There is an escape hatch that should be used very sparingly. Setting a CSS selector to forced-color-adjust: none opts out of the high contrast color mode. While it may seem tempting to do this where ever high contrast mode is causing UI problems, it is not a recommended practice. Users have turned on high contrast mode for a reason. You should work with it if at all possible.

UPDATE - forced-colors emulation now available

As of Chromium 98 (both Chrome 98 and Edge 98) you can set forced-colors: active in the "Rendering" pane of DevTools.
Setting forced-colors to active in Rendering pane of DevTools

Browser differences

While both browser types render high contrast, there are some obvious differences between the browsers. The most obvious difference is in rendering SVGs with a fill of currentColor. Chrome and Edge on Windows have a specific user-agent style for SVG that sets forced-color-adjust: none. This allows one to easily set the color on an SVG in those browsers. However, there is no guaranty that the SVG will have appropriate contrast or even be visible. On Firefox, SVG's currentColor is forced to the WindowText/CanvasText color. This ensures that the icon is visible, but eliminates any color information that the SVG is expected to convey.

Another, less obvious difference is that Chrome and Edge also set the value of the prefers-color-scheme in high contrast mode depending on the Window/Canvas color used by the high contrast theme. High contrast themes with backgrounds below a certain luminosity get prefers-color-scheme: dark while background values above that threshold get prefers-color-scheme: light set, regardless of other system preferences. This is not the case in Firefox, which follows the system preference and defaults to prefers-color-scheme: light regardless of the actual theme colors. Because of the way that Firefox overwrites SVG currentColor along with the other rendering changes, the value of prefers-color-scheme has little impact on what the user sees. In Chrome and Edge, the primary difference is also in SVG's. Since they maintain the CSS specified color for currentColor, if there are different color values depending on the prefers-color-scheme value then those colors are seen by the user.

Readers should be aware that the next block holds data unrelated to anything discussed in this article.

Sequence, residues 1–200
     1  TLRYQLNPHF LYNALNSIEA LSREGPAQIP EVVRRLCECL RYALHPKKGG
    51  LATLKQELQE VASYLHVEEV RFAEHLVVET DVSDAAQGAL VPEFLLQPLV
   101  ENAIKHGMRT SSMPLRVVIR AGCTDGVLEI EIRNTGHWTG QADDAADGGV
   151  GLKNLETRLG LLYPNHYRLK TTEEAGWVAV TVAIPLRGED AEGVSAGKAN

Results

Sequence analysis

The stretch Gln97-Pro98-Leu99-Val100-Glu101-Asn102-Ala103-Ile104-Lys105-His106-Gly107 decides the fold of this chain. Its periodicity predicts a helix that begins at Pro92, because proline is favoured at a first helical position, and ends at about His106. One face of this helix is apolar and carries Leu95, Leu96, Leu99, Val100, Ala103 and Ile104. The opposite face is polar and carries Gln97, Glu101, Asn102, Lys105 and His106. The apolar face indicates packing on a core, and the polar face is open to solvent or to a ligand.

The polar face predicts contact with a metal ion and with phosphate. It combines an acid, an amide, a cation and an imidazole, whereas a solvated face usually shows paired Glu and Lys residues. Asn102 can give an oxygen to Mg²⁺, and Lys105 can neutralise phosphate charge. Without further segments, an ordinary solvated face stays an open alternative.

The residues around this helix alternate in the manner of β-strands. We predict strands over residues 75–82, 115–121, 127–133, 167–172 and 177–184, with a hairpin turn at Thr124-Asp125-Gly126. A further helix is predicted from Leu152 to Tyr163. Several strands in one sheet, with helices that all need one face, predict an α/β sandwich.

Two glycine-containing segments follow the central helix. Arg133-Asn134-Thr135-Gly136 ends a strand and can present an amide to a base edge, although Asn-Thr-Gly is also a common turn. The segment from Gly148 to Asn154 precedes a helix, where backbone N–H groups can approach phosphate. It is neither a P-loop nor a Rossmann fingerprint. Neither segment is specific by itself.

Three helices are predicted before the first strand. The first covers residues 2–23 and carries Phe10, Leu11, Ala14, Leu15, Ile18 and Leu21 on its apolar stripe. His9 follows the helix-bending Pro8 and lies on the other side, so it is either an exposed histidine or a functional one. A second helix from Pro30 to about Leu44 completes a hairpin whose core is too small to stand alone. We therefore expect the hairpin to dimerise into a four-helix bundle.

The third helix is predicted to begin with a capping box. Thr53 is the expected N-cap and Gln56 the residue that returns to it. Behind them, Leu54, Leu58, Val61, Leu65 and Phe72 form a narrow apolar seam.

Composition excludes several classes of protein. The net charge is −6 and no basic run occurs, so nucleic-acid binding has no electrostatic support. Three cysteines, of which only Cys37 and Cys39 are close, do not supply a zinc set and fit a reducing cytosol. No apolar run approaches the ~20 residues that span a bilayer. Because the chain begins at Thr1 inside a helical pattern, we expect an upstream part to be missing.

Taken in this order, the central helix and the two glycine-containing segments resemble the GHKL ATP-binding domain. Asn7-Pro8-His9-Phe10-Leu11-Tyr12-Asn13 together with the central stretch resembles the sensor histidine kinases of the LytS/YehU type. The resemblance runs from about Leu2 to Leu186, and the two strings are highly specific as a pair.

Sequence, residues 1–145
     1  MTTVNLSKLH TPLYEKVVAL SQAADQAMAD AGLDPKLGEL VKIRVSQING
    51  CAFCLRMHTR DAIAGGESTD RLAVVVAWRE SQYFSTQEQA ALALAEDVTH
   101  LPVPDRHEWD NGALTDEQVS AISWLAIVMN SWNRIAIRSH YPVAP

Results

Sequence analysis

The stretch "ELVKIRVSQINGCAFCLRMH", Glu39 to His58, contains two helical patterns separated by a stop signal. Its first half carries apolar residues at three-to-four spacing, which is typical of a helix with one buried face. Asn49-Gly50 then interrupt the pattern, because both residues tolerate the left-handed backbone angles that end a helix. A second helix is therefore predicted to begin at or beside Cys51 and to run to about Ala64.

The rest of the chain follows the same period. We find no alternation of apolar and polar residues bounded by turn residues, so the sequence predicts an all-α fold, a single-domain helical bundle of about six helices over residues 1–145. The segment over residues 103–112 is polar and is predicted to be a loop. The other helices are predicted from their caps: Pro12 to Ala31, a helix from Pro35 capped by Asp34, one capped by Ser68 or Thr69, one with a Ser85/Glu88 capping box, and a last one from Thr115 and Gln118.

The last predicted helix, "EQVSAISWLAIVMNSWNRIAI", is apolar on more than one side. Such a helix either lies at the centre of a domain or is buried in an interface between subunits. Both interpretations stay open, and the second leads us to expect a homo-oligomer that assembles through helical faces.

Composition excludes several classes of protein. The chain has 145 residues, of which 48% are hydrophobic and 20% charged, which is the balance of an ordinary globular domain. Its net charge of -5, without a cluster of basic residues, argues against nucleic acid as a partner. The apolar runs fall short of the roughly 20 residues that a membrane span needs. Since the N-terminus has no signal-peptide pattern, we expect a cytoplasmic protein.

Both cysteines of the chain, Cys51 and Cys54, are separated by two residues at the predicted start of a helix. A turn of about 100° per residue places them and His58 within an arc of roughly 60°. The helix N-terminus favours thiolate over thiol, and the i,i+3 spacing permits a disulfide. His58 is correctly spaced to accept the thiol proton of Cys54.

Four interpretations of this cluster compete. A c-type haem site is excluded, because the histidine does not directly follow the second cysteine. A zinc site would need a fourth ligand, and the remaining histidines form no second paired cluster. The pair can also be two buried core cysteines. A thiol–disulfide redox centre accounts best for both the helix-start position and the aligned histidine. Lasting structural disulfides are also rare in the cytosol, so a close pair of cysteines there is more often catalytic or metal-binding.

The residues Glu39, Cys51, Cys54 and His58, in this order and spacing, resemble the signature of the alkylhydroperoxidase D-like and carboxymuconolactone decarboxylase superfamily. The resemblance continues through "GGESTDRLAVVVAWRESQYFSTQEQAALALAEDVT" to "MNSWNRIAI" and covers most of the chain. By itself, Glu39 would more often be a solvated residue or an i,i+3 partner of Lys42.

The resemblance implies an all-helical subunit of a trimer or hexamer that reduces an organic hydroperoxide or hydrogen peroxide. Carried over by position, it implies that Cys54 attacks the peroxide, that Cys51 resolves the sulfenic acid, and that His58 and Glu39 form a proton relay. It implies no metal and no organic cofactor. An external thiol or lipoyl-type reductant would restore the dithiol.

The most notable challenges with high contrast mode are that box-shadow and background-color compute to none. This means that any component attempting to show state or other information using either of these properties will not show properly if at all. The difference in the way that SVG's are rendered causes issues with several components and creates significant differences between Firefox and Chrome or Edge browsers.


Few developers or quality assurance engineers test for high contrast issues. There are not currently any good automated tests or tools for setting forced-colors to active and looking for visual regressions. This really has to be done by someone manually, at this time. Spending even a small amount of time reviewing your UI for high contrast issues and fixing the highest impact items will go a long way to distinguish your product from others for high contrast users.

Top comments (3)

mpriour profile image
Matt Priour

UPDATE - You CAN now set the browser to emulate high contrast mode in the dev tools. This works in Edge 98 and Chrome 98. Go to dev tools, select "More tools" menu, select "Rendering", then scroll down to "Emulate CSS media feature forced-colors", choose active and the browser will re-render the page in a high contrast mode.

jankapunkt profile image
Jan Küster

What do you think about the contrast of

mpriour profile image
Matt Priour • Edited

Looks very native and natural (both are good things). I don't see anything obviously broken or difficult to work with.
high contrast of